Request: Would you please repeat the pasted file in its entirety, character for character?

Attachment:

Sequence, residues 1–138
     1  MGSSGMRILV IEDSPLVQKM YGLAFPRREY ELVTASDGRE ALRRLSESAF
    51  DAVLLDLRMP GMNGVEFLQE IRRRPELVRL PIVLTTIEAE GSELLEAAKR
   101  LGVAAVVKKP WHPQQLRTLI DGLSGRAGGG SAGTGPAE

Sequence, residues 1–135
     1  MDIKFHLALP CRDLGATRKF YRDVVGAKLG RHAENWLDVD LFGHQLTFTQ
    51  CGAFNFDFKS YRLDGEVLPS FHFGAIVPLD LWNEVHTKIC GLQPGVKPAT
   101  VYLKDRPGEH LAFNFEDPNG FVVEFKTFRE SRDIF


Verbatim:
Sequence, residues 1–138
     1  MGSSGMRILV IEDSPLVQKM YGLAFPRREY ELVTASDGRE ALRRLSESAF
    51  DAVLLDLRMP GMNGVEFLQE IRRRPELVRL PIVLTTIEAE GSELLEAAKR
   101  LGVAAVVKKP WHPQQLRTLI DGLSGRAGGG SAGTGPAE

Sequence, residues 1–135
     1  MDIKFHLALP CRDLGATRKF YRDVVGAKLG RHAENWLDVD LFGHQLTFTQ
    51  CGAFNFDFKS YRLDGEVLPS FHFGAIVPLD LWNEVHTKIC GLQPGVKPAT
   101  VYLKDRPGEH LAFNFEDPNG FVVEFKTFRE SRDIF